Wednesday, April 12, 2006

Truth vs. lies and a lack of faith in the Kansas sex-ed wars

Is the real issue that the ultra-conservative majority on the Kansas Board of Education is afraid of truth?

Josh at Thoughts From Kansas has an interesting, although fairly snarky post on the sex-education brouhaha.

Among other things, he does a good job of pointing out a problem in the story in today's Kansas City Star about the State Board meeting.
On a sidenote of media criticism, this paragraph from the Star's story bugs me:

"The difference between the two groups seems to be the degree to which sex ed stresses abstinence. Abstinence-only sex education would talk about contraceptives in relation to their flaws and rates of failure; abstinence-plus classes would include information about the proper use of contraceptives."

Both approaches stress abstinence. One gives children accurate information, the other keeps information away. As far as abstinence, all approaches give the same information.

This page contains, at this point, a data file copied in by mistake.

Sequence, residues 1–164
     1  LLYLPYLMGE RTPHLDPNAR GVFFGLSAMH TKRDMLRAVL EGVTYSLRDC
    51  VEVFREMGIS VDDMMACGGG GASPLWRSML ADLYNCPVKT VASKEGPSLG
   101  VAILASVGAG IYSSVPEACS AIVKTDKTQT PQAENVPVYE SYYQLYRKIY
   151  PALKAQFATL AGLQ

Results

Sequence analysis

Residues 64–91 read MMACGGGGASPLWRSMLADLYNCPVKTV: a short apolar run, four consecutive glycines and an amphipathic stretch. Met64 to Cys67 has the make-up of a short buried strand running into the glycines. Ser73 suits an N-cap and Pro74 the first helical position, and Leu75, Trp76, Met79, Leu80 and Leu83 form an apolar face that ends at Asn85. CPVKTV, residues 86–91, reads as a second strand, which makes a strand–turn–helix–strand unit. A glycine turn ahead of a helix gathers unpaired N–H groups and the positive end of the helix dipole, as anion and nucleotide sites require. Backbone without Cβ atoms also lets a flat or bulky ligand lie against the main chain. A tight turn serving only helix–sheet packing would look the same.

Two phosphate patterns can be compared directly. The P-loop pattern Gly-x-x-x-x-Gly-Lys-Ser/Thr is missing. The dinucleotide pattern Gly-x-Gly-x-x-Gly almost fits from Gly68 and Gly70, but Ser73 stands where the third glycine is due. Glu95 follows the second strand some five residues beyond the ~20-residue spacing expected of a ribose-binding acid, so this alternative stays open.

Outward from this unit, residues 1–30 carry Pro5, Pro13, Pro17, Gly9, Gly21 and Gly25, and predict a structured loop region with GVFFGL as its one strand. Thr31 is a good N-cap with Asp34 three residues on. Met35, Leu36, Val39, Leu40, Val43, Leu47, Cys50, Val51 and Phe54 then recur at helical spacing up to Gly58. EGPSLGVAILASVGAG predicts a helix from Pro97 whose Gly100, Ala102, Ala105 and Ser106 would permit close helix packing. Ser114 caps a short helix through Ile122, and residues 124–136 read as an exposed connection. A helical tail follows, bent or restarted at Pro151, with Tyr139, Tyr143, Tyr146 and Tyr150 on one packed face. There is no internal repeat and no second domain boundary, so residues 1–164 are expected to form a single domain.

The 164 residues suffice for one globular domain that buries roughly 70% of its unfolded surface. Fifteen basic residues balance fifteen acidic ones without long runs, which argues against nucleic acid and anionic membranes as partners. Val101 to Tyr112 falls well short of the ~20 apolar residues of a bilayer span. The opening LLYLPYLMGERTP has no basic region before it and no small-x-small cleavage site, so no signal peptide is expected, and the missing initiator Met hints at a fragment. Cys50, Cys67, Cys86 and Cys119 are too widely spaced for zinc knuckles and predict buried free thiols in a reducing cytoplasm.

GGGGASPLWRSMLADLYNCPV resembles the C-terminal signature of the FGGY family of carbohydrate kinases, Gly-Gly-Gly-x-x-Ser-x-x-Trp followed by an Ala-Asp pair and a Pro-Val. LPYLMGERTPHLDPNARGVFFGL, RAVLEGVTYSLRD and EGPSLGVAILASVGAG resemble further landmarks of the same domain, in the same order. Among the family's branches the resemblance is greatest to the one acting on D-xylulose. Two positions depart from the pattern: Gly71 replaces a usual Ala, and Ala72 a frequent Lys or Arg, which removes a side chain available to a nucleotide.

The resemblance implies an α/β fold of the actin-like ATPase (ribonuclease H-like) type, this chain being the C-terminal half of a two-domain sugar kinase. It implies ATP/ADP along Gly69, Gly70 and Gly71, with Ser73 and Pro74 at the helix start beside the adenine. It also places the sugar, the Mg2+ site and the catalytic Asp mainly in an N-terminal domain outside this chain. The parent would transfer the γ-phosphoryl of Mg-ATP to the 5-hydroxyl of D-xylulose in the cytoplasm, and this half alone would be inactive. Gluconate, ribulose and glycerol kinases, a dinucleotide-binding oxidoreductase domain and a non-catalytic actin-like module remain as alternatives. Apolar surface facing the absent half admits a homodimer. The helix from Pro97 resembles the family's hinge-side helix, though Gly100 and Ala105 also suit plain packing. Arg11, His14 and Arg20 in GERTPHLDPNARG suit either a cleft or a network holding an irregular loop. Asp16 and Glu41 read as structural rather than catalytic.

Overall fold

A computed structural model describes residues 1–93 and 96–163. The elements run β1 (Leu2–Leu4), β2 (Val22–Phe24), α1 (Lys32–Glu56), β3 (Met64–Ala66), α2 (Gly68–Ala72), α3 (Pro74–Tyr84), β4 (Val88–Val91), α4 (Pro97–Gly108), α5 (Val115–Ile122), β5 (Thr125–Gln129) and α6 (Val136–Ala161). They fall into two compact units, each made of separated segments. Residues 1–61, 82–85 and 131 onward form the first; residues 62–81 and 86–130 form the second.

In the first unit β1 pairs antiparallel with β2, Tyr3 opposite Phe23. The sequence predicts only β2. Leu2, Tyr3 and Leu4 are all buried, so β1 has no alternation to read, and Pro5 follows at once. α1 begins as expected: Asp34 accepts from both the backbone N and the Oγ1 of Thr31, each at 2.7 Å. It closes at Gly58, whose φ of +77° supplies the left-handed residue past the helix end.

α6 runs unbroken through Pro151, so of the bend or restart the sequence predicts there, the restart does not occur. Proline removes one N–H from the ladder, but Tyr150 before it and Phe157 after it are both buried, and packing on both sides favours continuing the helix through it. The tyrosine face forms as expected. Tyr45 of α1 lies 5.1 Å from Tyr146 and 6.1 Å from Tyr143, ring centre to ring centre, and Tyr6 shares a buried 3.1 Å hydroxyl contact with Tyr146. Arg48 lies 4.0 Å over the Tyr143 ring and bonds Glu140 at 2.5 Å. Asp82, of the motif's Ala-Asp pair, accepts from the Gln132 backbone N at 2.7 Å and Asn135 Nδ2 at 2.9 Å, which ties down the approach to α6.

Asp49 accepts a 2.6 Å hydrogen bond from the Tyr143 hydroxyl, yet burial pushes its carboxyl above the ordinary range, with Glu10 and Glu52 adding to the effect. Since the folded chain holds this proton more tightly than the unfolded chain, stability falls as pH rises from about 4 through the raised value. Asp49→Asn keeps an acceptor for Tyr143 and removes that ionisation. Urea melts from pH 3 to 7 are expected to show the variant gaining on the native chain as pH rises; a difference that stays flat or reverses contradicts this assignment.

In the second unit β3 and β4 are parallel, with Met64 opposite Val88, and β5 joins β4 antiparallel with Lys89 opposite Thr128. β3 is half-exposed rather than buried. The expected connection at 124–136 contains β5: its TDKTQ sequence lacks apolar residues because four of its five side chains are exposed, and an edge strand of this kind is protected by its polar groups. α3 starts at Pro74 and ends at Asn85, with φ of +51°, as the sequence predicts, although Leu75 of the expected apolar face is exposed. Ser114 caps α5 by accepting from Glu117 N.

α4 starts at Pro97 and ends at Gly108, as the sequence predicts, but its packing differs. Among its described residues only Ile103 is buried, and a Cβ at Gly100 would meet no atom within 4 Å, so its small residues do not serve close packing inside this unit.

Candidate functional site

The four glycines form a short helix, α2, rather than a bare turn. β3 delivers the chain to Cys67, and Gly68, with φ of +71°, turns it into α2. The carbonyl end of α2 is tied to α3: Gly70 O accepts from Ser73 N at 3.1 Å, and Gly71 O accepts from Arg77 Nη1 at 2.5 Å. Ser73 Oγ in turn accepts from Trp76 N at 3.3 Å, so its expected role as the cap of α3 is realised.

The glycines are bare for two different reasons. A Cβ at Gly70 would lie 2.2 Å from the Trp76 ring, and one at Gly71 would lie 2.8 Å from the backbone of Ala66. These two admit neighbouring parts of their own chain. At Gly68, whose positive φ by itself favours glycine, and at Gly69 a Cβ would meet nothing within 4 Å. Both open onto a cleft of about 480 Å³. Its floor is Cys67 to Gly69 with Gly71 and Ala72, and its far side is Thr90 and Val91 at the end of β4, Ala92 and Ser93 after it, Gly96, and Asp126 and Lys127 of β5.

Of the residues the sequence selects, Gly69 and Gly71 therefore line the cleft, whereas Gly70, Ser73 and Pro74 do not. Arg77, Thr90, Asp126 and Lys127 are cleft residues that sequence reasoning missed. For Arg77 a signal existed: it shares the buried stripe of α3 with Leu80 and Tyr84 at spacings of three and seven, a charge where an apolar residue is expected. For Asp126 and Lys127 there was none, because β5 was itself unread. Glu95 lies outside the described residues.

Looking at this with an editor's eye, it's clear the Star paragraph is nonsense. I can't believe I missed this before. This issue isn't how much to discuss abstinence, but what information to give about birth control.

Truth and accurate information are only a few of the issues raised by the ultra-conservative's actions.

These folks present themselves as the most moral, religious and family oriented of all Kansans, yet they appear to be acting out of fear. Don't they believe their own PR?

Could it be that they're frightened about their own parenting skills; about their children's honesty, integrity and self control? Could it be they don't trust their churches to teach morality? If they get their way, these folks will be relying on the sheer repression of information to keep their children from getting involved sexually before they're emotionally mature enough to do it, to keep them becoming pregnant, and to even keep them from having sex before marriage.

I may well be wrong. And as a mother, I know how easy it is to be frightened about what your kids might do, but there is an oddness to their logic. There is an intensity to their fear of, well, the truth that seems to be a tad unreasonable.

Perhaps, I'm wrong, and these so very conservative board members are merely parroting a philosophy. Maybe they're simply playing their brand of politics. Honestly, I hope I'm wrong. Because otherwise, what does that say about them and their children and the children of their churches? Do they have so little faith?

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